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Busting the Myth of the Retail Apocalypse

Posted by Sam Lowder on Jun 27, 2018 4:30:00 AM

shutterstock_732393541We’ve said it before and we’ll say it again: brick-and-mortar retail isn’t dying, it’s evolving.  Yet, browse the latest articles on retail development and it might not seem so certain. SiteSeer’s team just returned from the International Council of Shopping Centers RECon show in Las Vegas, where attendance was down from years past. It caused us all to wonder: is the market slowing? Are deals still getting done? Is the so-called retail apocalypse actually upon us?

Real Estate Is More Competitive Than Ever

The good news: anecdotal evidence tells us that across the country, retail and commercial real estate is in demand. It’s competitive building stores, yes, but what we and our colleagues from around the country see is that the industry is more omni-channeled than ever before.

If you’re a brick-and-mortar store, it’s important that you augment with an online strategy. If you’re fully online, in some cases, customers demand a digital presence as well.

Here’s What We’re Hearing About Retail Real Estate

At ICSC and throughout all of 2018, this is what we’ve been hearing from our retail, broker, franchise, and community clients:

  • It’s a white-hot real estate market. Competition for good retail real estate is as intense as it was in the early 2000’s.
  • Brokers, developers and retailers in the industry today are focused and consolidated, having weathered the storm of the recession.
  • To remain competitive, your business must stay relevant to your customers. If you don’t, another competitor will.
  • The closing of stores might very well be a natural correction in the aftermath of the real estate market’s oversaturation.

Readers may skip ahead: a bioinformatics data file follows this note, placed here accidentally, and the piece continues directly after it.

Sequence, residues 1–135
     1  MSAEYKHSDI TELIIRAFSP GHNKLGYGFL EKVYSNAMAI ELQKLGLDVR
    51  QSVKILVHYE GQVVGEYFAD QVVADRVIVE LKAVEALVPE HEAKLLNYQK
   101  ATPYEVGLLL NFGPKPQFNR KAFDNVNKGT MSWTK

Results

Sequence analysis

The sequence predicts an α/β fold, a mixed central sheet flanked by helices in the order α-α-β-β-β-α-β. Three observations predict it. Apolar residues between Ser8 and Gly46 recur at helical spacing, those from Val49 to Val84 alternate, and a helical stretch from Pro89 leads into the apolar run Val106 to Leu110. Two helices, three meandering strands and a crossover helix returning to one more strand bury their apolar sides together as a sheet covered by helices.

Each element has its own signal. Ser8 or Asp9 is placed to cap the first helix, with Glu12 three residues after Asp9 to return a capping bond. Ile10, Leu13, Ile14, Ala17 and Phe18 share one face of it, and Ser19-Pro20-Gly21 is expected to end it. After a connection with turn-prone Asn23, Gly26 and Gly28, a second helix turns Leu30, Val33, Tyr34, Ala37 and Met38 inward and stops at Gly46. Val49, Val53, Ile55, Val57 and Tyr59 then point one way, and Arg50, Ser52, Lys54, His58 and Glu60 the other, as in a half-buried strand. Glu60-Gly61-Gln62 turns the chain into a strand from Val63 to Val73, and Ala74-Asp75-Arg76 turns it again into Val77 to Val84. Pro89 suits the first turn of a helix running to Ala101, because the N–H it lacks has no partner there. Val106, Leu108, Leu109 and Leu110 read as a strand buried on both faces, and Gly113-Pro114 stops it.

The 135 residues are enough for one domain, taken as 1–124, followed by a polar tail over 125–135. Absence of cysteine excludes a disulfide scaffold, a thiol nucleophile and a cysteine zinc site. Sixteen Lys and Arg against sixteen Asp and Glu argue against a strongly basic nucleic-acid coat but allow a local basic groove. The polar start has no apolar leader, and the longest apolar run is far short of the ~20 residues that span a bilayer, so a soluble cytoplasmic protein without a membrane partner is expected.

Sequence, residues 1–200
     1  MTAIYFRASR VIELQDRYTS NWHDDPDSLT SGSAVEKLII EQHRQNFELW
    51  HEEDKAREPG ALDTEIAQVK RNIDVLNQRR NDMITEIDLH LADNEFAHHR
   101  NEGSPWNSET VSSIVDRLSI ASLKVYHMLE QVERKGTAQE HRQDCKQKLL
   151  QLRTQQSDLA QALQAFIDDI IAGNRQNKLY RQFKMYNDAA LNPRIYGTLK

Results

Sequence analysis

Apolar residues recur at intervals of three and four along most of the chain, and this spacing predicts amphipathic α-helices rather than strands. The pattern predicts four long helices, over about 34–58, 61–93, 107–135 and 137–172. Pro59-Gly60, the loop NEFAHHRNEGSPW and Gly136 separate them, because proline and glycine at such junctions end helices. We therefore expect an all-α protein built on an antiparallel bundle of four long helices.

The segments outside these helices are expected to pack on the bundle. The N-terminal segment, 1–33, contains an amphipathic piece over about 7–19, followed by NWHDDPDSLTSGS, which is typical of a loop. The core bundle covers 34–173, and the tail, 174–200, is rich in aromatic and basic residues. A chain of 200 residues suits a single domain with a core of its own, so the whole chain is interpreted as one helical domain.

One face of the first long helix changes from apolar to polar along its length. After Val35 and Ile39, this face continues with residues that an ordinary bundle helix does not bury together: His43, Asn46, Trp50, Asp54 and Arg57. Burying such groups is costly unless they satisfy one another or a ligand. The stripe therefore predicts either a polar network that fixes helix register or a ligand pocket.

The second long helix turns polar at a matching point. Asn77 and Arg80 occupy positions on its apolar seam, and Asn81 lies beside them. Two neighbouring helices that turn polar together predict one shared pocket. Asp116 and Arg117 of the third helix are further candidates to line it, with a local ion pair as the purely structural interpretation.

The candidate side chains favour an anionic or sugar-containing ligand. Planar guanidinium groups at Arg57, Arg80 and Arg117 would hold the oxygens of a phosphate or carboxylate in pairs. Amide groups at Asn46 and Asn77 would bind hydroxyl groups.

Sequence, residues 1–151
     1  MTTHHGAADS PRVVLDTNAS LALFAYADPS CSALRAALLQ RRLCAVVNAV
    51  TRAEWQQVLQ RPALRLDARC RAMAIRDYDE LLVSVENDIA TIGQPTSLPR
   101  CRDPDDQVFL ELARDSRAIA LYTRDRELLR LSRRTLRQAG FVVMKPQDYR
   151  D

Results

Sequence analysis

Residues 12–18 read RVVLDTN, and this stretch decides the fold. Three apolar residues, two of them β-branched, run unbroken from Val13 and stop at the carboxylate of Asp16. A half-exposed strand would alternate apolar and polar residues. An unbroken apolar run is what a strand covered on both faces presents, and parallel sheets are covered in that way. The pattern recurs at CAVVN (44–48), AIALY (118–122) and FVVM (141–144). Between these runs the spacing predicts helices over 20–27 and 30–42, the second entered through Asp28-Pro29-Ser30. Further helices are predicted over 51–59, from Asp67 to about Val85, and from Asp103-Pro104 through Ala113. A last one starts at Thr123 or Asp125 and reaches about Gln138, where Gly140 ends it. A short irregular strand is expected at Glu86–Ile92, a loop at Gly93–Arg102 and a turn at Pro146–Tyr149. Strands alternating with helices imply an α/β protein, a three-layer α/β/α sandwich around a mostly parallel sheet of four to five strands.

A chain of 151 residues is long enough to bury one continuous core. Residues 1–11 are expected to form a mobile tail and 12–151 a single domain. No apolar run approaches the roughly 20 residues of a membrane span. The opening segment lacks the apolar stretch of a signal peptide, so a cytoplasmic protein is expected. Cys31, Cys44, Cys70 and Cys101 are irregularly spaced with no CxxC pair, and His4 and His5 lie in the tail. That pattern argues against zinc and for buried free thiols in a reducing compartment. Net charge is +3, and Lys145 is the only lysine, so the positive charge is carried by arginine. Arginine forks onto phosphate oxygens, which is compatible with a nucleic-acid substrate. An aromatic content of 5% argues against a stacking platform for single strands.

Need More Evidence? Here’s Plenty.

  • This week, Amazon is rolling out Prime member discounts at Whole Foods’ 466 U.S. stores. Amazon Prime members can earn savings on Whole Foods’ items by using their Whole Foods app at checkout or typing in their Amazon-linked mobile number.
  • Amazon and Best Buy announced a partnership in April 2018 to sell smart televisions in Best Buy stores that run on Amazon’s Fire TV operating system. Here’s a quote from CNN Money’s article on the topic: “The move is also just the latest example of how Amazon recognizes that many consumers still prefer to buy things like big TVs -- not to mention kale -- in physical stores.”
  • Even mom-and-pop stores are adapting to the change in the industry. This Westfair article talks about examples of smaller businesses that are the backbones of their local business community. Many also maintain both e-commerce sites and traditional brick-and-mortar outlets.
  • Small Business Trends is with us on this one too. Their April 2018 piece on the changing retail landscape says that overall retail sales increased 3.5 percent in 2017 and that 91 percent of retail sales still take place in brick-and-mortar stores. Shoppers are indeed changing, though, and businesses must adapt by making sure they have a digital strategy and try hone their focus.
  • Lastly, it’s worthwhile to read through IHL Group’s 2017 report, titled “Debunking the Retail Apocalypse.” The study reviewed over 1,800 retail chains with more than 50 U.S. stores in 10 retail vertical segments. The research group found that:
    • For every chain with a net closing of stores, 2.7 companies showed a net increase in store locations for 2017.
    • The total net increase of stores for 2017 is 4,080, including retail and restaurants. Core retail segments saw a net gain of 1,326 stores, while table-service and fast-food restaurants added a net of 2,754 locations.
    • In total, a net 14,239 stores opened and 10,123 stores closed.
    • 42% of retailers have a net increase in stores, only 15% have a net decrease, and 43% report no change.
    • Only 16 chains account for 48.5% of total number of stores closing. And five of those chains (Radio Shack, Payless Shoesource, Rue21, Ascena Retail and Sears Holdings) represent 28% of the total stores closing.

Bottom Line: Things Are Evolving, Not Imploding

Retail is different than it was 10 or 20 years ago, without question. But as always, retailers that pay attention to their customers’ needs and desires and remain committed to delivering the best customer experience stand to thrive.

 

Topics: retail apocalypse